Peter Harris is a Montreal writer transplanted to Toronto. He is the co-founder of Yackler, a content marketing start-up. <br> <br> A marketing and careers expert, Peter began his career as a travel writer and advertising copy writer, and went on to build the original Canadian content for Monster.ca, serve as editor-in-chief of Workopolis, and deliver the country its daily breaking news and features as the homepage editor of both the Sympatico / MSN portal and Yahoo! Canada. <br> <br> He writes and speaks frequently on career, workplace, education and technology issues as well as on trends and changes in the Canadian job market.
When you're interviewing for a job, you need to detail your past work experience, particularly your accomplishments. What did you achieve in the role? How was the company more successful because of your contributions? The trouble is, many of those accomplishments will be as the results of team efforts.
When you're looking for a job, the more skills you have, the better, right? If you pack your resume with everything you've learned and all the things you can do, you'll appeal to that many more employers and turn up in more all-important keyword searches. That's the theory that many job seekers have, but it's wrong.
02/07/2017 07:35 EST
Is your resume failing to get the response you're looking for from potential employers? Maybe they're not even reading it.... there are some common resume blunders that can turn employers off even before they get to the sections describing your skills and experience.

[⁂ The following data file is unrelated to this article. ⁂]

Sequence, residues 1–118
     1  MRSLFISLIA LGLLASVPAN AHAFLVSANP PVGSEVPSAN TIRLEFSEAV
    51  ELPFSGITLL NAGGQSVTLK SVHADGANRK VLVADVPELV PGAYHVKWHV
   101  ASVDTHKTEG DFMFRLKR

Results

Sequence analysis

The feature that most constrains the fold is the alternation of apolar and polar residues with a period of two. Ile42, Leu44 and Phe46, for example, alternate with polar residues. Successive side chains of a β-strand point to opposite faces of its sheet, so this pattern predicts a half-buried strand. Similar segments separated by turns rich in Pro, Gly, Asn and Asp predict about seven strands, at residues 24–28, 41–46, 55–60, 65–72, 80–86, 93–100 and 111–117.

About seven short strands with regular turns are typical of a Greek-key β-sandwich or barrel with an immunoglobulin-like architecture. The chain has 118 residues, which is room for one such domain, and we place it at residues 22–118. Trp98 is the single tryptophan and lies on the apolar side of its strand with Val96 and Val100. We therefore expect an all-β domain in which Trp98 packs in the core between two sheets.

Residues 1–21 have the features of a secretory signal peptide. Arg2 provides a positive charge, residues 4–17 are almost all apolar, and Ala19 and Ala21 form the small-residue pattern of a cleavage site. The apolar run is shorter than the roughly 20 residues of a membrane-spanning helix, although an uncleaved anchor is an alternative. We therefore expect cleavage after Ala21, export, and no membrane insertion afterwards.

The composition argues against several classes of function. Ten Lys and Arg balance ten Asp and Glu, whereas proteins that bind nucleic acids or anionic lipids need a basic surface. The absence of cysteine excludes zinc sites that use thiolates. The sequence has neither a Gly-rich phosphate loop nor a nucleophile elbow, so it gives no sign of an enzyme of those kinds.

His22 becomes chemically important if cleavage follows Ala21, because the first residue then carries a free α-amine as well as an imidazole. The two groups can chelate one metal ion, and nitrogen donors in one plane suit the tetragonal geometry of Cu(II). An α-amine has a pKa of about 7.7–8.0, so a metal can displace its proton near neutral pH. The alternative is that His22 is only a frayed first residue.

09/26/2016 08:48 EDT
In a job interview, employers will be looking to see how savvy you are, how confident you are, and how personable you are. There will be some questions about your work experience and skills, of course, but if the prospective employer didn't think you could do the job, they wouldn't waste time interviewing you. What they really want to see is how you handle pressure. How well you can communicate. If they like you. And that decision is made quickly, often in their very first impression.
08/09/2016 08:51 EDT
Counting on your cover letter is shooting yourself in the foot. Your resume itself has to be customized to every job you apply for -- highlighting your core credentials that are most relevant for that specific job.
05/31/2016 11:51 EDT
It is OK to leave bad jobs and toxic managers. And it is actually important to let employers know this is why you are leaving. Bad managers cost companies money, resources, time, and talent. And there is no need to be afraid of them or their impact on our future success. They need to be called out.
04/25/2016 11:39 EDT
"Oh gimme a break, not another 'results-oriented, hard-working, team player.'" Self-descriptions like these turn up in so many resumes that they don't serve to differentiate candidates anymore. In fact, they have the opposite effect by making the job seeker appear generic and cookie-cutter. Stop trying to describe yourself.
03/30/2016 03:06 EDT
It's not the actual interview questions that cause difficulties for candidates. It's understanding why the interviewer is asking them in the first place. What is it that they really want to know? The information that employers are after is often quite different from the literal answer to the question asked.
03/09/2016 05:49 EST
When looking for a new job, timing can be everything. February has more job openings becoming available and fewer applications for them than January. From now through the spring could be the right time to make your move.
02/01/2016 04:40 EST